• Advancing innovative care delivery models and value-based payments in Medicare and Medicaid.  The Administration set ambitious goals of tying 30 percent of traditional Medicare payments to alternative payment models by the end of 2016 and 50 percent by the end of 2018.
  • Proposals to invest in targeted research and technologies to advance the BRAIN Initiative, Precision Medicine Initiative, and cancer research.
  • A funding pool for Community Health Centers to build, expand and operate health-care facilities in underserved communities.  Health Center grantees served 23 million patients in 2014 and received $11 billion under the health care law to offer a broader array of primary care services, extend their hours of operations, hire more providers, and renovate or build new clinical spaces.
  • Health provider training opportunities, with an emphasis on primary care, including a significant expansion of the National Health Service Corps.  As of September 30, 2015, there were 9,600 Corps clinicians providing primary care services, compared to 3,600 clinicians in 2008.

To learn more about the Healthy Communities challenges, visit: https://www.whitehouse.gov/the-press-office/2016/02/12/fact-sheet-announcing-winner-healthy-communities-challenge. For more on the President’s overall record on providing quality, affordable health care for Americans, visit: https://www.whitehouse.gov/the-record/health-care.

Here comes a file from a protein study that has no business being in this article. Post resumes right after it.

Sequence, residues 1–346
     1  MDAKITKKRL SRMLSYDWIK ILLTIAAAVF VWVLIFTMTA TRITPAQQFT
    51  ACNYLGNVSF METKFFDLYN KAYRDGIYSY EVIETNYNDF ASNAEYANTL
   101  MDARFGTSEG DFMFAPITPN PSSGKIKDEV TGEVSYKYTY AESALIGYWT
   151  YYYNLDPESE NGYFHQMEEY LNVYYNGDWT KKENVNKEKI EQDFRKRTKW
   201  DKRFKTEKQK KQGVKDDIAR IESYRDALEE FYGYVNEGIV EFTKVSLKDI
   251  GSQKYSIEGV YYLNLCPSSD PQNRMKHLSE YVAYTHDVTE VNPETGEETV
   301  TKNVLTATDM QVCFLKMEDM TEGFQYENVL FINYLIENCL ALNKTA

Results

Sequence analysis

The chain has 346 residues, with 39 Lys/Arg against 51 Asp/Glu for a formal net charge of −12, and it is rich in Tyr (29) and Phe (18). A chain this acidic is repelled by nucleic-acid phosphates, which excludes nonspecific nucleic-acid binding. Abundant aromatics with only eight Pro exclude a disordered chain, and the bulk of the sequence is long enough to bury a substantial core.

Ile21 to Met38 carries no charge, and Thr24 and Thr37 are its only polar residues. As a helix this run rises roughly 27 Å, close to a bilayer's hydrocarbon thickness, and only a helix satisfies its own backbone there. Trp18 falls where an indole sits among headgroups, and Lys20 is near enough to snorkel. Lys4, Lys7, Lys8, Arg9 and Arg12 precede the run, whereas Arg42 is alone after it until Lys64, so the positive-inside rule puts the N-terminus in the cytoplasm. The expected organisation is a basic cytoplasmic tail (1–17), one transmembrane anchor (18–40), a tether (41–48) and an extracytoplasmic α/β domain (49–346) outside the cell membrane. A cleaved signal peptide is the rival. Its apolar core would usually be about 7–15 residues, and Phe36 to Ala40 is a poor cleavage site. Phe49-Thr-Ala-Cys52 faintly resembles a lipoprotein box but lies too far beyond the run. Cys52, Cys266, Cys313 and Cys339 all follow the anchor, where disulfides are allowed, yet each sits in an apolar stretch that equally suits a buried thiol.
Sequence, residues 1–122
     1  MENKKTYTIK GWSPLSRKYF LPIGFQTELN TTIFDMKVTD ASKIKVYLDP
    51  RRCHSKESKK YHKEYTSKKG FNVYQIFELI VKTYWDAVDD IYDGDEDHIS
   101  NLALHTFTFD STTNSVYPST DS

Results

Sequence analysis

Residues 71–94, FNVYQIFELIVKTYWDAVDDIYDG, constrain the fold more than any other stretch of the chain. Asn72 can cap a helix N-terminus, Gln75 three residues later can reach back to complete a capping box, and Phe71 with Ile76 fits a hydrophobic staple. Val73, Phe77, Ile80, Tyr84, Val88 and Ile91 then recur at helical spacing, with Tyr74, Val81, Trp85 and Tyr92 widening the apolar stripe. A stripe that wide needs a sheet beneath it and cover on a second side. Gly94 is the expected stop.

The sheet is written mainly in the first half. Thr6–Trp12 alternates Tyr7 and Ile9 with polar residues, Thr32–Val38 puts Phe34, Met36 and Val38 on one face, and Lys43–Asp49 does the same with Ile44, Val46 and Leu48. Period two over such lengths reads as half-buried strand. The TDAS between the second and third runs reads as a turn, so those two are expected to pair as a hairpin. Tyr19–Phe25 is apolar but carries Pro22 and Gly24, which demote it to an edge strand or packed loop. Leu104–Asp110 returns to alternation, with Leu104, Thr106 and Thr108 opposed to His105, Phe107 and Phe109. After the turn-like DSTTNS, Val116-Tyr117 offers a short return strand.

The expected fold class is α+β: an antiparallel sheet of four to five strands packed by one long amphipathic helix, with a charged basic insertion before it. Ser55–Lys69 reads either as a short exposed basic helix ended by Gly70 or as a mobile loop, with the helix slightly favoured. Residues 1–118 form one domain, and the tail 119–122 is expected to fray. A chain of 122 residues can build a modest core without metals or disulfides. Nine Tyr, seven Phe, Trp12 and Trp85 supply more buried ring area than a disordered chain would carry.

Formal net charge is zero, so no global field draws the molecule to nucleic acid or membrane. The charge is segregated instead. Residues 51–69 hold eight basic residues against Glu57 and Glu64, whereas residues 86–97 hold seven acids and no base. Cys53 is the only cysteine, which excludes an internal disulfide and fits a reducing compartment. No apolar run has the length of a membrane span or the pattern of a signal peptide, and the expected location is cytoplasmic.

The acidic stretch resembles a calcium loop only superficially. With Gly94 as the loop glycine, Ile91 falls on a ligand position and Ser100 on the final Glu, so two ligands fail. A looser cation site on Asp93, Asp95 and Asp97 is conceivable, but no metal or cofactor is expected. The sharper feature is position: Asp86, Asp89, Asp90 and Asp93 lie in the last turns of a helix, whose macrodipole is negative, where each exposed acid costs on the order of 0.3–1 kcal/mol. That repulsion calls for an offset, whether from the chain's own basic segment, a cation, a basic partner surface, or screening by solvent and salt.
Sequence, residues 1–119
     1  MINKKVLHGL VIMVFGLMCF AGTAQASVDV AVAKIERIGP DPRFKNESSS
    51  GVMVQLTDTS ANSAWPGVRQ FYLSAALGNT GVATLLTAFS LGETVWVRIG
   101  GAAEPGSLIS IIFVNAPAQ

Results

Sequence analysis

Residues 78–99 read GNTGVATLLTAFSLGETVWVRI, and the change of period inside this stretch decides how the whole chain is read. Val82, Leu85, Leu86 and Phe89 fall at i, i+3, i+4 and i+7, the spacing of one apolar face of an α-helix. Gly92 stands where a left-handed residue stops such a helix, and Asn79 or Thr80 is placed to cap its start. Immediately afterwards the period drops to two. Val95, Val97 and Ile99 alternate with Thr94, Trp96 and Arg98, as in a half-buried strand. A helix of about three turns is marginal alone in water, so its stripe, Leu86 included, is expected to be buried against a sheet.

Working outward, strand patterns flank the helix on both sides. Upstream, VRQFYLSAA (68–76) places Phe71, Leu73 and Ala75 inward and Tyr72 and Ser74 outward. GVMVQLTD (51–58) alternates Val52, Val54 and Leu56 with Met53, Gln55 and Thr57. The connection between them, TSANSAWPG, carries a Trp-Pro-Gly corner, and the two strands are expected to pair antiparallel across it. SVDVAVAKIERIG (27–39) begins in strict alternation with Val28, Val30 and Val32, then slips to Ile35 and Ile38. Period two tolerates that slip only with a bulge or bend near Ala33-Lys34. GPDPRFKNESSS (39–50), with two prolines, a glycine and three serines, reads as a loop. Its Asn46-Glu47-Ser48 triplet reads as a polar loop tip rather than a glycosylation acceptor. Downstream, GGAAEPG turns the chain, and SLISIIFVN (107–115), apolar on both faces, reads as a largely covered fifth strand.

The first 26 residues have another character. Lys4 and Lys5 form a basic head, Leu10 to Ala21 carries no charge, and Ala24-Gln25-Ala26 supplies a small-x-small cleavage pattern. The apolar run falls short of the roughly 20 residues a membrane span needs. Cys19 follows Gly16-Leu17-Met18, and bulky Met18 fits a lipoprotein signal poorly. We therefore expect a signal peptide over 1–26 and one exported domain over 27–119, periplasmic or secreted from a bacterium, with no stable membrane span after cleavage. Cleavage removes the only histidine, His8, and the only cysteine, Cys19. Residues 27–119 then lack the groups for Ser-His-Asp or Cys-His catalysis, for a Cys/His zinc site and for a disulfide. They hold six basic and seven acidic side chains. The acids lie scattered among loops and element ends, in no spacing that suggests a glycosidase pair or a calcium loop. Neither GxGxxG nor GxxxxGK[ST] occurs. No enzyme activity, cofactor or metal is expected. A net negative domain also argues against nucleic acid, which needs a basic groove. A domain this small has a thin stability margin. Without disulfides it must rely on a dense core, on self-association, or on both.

Source: whitehouse.gov

Former Fugitive Pleads Guilty in Florida Multimillion-Dollar Health Care Fraud Scheme

Posted by Admin On March - 3 - 2016 ADD COMMENTS

A Cuban national who fled the United States and had been wanted since 2013 on federal criminal charges relating to a multimillion-dollar health care fraud scheme in the greater Tampa Bay, Florida, area pleaded guilty today for his role in the scheme.

Assistant Attorney General Leslie R. Caldwell of the Justice Department’s Criminal Division; U.S. Attorney A. Lee Bentley III of the Middle District of Florida; Special Agent in Charge Paul Wysopal of the FBI’s Tampa, Florida, Field Office, Special Agent in Charge George Piro of the FBI’s Miami Field Office; and Special Agent in Charge Shimon Richmond of the U.S. Department of Health and Human Services-Office of Inspector General (HHS-OIG) Miami Regional Office made the announcement.

Ubert Guillermo Rodriguez, aka Ubert Guillermo Rodriguez Sigler, 47, pleaded guilty in federal court in Tampa today to conspiracy to commit health care fraud.  Rodriguez was arrested on the health care fraud charges when he arrived at Miami International Airport on a flight from Cuba in October 2015.